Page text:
The ultimate goal is, to render them as independent as possible and help them recognize their strengths.

How to apply this theory?

  • Provide materials and supplies to the kids without giving directions first, and watch how the kids can make use of them. You’ll be surprised of their creativity. They can come up with a bunch of variations that nobody would have thought of.
  • On the other hand educators and parents can decide according to the child’s needs and capabilities when and how to offer the help. In standard teaching, the educator would demonstrate how the art project should be implemented, but again it is one person’s suggestion. For those who are less motivated to create or express their own imagination about the project, it is recommended to give them a structured help. By modeling and writing down steps, they will be able to follow directions and complete the project and thus enjoy the sense of achievement.
  • For low functioning children, you may do hand-over-hand to introduce a new art project. In a later stage withdraw gradually and let them try again.
  • The good thing about art is that there is no right and wrong; all techniques are welcomed. Since, every child is unique, art is an excellent way, to help the child feel appreciated for what she does. Celebrate the completion of their artwork and show them the importance of their achievements by giving it a place in the classroom or in a visible spot at home.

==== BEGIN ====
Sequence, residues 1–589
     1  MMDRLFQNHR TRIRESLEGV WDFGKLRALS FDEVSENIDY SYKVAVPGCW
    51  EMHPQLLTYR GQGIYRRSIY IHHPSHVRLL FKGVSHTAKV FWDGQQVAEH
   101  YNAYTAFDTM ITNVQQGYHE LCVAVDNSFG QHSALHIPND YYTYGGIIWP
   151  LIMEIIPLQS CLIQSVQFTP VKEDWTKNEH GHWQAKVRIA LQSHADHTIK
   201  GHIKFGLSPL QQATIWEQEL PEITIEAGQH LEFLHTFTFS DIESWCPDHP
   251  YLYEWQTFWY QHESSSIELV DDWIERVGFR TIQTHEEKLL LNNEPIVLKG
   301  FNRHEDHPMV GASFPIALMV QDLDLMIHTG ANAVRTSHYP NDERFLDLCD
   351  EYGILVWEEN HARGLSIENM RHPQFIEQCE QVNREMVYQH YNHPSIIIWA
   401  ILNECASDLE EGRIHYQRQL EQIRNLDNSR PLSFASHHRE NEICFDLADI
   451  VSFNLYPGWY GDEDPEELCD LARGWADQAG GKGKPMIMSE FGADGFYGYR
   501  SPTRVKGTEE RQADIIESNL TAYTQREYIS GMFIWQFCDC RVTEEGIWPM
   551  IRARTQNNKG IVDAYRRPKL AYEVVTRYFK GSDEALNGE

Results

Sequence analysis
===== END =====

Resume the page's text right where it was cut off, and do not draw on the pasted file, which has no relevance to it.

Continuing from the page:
Community colleges offer valuable art classes for adults to teach art for young children.

Benefits of doing art

  • Art opens a window on your child’s mind. It is a great way to communicate. Let the child choose her favorite material and activity. Some prefer drawing others prefer painting or finger painting or coloring or making collage or doing pottery.
  • Performing arts is another area where children with special needs can express their thoughts and communicate. Singing, dancing,or playing an instrument has a huge impact on their cognitive development.
  • The exposure to different kinds of art and performing arts is very important in helping them learn more about their own capabilities.
  • Another advantage of doing art is introducing new materials that can work on some sensory issues. For example, touching clay can have a very calming effect.
  • Art helps develop the fine motor skills (the little muscles responsible for precise movements in the hands).Besides, art has a therapeutic effect.

Fortunately, art is one of the most popular activities on the school schedule. Most students with special needs seem to enjoy art.

Note: Remember that art can be messy. It is Okay to make a mess, and teach the child how to clean up her mess once she is done.